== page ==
Human Activities Are Drying Out Amazon: NASA Study. Here's the intro from NASA: "A new NASA study shows that over the last 20 years, the atmosphere above the Amazon rainforest has been drying out, increasing the demand for water and leaving ecosystems vulnerable to fires and drought. It also shows that this increase in dryness is primarily the result of human activities. Scientists at NASA's Jet Propulsion Laboratory in Pasadena, California, analyzed decades of ground and satellite data over the Amazon rainforest to track both how much moisture was in the atmosphere and how much moisture was needed to maintain the rainforest system. "We observed that in the last two decades, there has been a significant increase in dryness in the atmosphere as well as in the atmospheric demand for water above the rainforest," said JPL's Armineh Barkhordarian, lead author of the study. "In comparing this trend to data from models that estimate climate variability over thousands of years, we determined that the change in atmospheric aridity is well beyond what would be expected from natural climate variability..."
Image credit: "The image shows the decline of moisture in the air over the Amazon rainforest, particularly across the south and southeastern Amazon, during the dry season months — August through October — from 1987 to 2016. The measurements are shown in millibars." Credits: NASA/JPL-Caltech, NASA Earth Observatory.
Tesla Pickup (Cybertruck) Unveiled November 21. The design is an acquired taste, but if Elon Musk can pull off 400-500 mile range and price this under 50K he may have something here. Details via insideevs.com: "...The Tesla truck will make the RAM seem toy-like and will beat the Ford F-150 too. Lofty goals, but Tesla really never fails to deliver on the performance front.In top-level trim, the Tesla truck should boast a range of between 400 and 500 miles, possibly more. As one might suspect, it will be all-wheel drive with a motor for each axle. Musk also noted that the suspension will dynamically adjust according to its load. Being electric and a truck means it will have gobs of torque. Musk once tweeted that it could tow 300,000 pounds. Some additional features include 240-volt power for all of your work tools, a unique drop-down tailgate and it will parallel park automatically & have 360-degree cameras & sonar..."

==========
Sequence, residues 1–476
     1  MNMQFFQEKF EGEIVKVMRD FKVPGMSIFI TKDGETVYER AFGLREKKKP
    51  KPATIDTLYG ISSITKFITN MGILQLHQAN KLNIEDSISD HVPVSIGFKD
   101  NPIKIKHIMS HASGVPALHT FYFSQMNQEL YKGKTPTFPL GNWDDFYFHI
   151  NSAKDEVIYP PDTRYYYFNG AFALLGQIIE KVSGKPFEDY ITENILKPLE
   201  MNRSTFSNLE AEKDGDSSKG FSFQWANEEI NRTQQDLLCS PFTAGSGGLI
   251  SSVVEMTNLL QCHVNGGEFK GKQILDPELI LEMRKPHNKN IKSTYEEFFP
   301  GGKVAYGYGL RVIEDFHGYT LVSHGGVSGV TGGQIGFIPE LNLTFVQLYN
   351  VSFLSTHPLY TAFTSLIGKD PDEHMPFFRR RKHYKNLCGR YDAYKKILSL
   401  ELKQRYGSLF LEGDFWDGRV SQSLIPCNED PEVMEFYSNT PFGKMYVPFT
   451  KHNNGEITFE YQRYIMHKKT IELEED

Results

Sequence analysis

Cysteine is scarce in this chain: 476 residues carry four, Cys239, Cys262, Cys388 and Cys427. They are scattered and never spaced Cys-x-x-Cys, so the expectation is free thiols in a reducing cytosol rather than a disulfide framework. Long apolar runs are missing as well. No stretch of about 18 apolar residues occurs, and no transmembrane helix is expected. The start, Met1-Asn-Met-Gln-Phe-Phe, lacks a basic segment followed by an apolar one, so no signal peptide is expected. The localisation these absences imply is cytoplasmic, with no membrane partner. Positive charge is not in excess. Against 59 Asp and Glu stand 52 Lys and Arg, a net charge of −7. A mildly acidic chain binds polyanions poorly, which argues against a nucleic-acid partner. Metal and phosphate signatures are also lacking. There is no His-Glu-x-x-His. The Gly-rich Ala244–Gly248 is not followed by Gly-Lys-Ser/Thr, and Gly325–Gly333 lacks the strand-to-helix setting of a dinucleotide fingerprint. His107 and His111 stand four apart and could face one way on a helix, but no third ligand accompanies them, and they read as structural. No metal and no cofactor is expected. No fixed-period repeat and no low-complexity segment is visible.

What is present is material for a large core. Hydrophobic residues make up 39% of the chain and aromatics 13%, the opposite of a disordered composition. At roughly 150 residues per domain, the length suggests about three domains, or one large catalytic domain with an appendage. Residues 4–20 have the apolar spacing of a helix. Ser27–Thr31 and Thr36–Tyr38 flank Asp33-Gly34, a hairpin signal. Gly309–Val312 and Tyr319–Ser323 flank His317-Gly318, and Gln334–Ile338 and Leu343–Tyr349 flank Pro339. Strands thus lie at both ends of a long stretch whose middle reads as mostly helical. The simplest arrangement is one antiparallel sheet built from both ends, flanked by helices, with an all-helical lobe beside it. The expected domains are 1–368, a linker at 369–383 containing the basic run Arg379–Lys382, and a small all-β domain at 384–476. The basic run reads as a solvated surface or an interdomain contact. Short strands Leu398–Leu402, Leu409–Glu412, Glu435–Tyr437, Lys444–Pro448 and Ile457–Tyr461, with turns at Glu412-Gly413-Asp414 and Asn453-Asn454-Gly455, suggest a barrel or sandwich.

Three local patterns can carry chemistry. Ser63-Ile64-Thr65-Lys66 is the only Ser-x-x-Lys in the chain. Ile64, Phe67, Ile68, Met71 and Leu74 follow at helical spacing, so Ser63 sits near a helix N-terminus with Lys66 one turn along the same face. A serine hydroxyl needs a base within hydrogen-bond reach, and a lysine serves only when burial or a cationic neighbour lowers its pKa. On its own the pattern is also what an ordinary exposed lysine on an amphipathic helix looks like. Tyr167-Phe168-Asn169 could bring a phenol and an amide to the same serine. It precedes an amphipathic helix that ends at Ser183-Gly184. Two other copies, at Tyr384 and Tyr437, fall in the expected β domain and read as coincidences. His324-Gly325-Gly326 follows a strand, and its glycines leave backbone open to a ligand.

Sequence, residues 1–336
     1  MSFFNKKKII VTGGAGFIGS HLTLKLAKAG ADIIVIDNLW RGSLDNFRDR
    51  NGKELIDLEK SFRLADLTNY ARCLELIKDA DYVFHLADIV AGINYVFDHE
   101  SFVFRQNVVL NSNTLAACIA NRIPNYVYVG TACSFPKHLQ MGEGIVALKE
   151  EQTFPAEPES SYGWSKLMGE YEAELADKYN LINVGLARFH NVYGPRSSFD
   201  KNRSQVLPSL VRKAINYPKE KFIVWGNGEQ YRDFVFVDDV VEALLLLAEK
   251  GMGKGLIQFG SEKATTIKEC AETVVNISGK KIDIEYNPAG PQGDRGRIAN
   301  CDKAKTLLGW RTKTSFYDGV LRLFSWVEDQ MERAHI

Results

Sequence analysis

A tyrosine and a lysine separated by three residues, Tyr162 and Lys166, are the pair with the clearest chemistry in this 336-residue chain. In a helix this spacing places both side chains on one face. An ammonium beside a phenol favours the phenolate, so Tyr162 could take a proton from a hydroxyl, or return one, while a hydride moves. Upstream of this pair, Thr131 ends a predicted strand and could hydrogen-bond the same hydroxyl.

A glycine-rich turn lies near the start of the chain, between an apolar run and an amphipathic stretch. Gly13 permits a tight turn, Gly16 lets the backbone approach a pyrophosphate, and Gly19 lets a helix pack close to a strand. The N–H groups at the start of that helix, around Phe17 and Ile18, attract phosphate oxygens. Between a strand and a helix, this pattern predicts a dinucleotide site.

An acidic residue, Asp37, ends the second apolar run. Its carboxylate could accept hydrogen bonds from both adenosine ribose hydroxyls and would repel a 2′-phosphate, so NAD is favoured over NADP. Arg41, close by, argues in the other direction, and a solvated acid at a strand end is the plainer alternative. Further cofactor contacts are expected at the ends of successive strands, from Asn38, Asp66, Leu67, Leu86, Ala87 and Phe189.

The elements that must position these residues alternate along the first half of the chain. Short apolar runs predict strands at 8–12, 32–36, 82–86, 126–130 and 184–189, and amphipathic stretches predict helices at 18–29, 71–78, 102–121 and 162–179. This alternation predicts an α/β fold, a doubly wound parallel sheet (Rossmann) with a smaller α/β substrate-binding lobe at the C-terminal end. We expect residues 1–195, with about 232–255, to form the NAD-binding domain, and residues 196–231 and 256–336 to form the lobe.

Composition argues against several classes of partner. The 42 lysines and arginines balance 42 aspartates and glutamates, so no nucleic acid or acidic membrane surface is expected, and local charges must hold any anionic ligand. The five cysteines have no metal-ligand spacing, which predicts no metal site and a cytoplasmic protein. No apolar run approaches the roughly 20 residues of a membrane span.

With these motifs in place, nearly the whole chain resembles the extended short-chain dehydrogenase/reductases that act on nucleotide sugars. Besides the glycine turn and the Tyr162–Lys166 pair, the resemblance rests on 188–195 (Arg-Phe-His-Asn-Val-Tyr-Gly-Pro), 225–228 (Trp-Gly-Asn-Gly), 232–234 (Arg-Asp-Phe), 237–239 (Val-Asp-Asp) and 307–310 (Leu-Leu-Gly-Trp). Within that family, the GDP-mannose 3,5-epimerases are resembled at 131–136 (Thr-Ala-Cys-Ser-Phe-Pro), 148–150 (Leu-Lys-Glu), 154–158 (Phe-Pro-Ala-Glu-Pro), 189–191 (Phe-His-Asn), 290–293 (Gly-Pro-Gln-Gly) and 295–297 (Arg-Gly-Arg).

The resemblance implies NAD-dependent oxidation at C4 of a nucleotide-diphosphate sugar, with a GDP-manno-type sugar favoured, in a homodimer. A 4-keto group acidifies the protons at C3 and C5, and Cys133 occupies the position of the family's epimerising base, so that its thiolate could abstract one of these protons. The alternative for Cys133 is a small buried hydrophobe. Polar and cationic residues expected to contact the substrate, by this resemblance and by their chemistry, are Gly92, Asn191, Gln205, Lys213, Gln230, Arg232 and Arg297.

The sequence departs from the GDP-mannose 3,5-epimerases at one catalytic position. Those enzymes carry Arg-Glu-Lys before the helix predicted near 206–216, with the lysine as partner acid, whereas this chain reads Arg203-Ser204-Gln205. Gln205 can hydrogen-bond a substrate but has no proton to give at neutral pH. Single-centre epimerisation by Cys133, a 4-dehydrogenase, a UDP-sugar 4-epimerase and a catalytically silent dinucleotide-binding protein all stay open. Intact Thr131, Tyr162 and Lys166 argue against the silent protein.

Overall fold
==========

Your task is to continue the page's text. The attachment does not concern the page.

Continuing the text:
Do You Suffer From General Anxiety Disorder? Here are a couple of excerpts from a Washington Post article: "...A 2018 Gallup poll found that 45 percent of Americans said they felt worried a lot, more than in any year since 2006. patients worry about work, relationships, children, health and money. When worrying becomes persistent, long-lasting and difficult to control, it can seriously affect daily life. And if the unrelenting worry is accompanied by anxiety symptoms such as irritability, difficulty concentrating, muscle tension, fatigue and poor sleep, that person may be suffering from something called generalized anxiety disorder (GAD)..."
Image credit: National Institute of Mental Health.
"Fail Faster - Fail Better". A story at Newsweek.com caught my eye (I suspect it's on the right track). Here's the intro: "Scientists have calculated what they say is the percentage of times we need to fail in order to most efficiently learn something new. In what researchers have dubbed the Eighty Five Percent Rule, failing 15 percent of the time and succeeding the remainder is the optimum way to gain new skills and information. Otherwise if the challenge is too easy we don't learn. Too hard, and we're likely to be put off and give up. To arrive at this percentage, the authors of the paper published in the journal Nature Communications taught computers simple tasks, like telling the difference between patterns or reading and sorting handwritten numbers. They found the machines learned fastest when they got the task wrong 15 percent of the time, and succeeded 85 percent..."
I’m Not Single – I’m “Self Partnered”. OK. I'm just trying to keep up. Washington Post (paywall) has the story: "...For years, people have been looking for alternatives to describing themselves as “single,” and now Emma Watson has a new one: “self-partnered.” In an interview with British Vogue, the “Beauty and the Beast” actor, who’s 29, describes her stress around turning 30 while still figuring out things such as navigating her love life, starting a family and building a home. She’s very happy being single, she said, adding, “I call it being self-partnered.”… Whether “self-partnered” speaks to you or not, it harks to the larger trend of sologamy, or marrying oneself. Japanese travel agencies offer “solo wedding” packages: wedding dress, bouquet, limo, hotel stay and photo album included. An Italian woman hosted a “fairytale” wedding, sans prince, for herself and 70 guests..."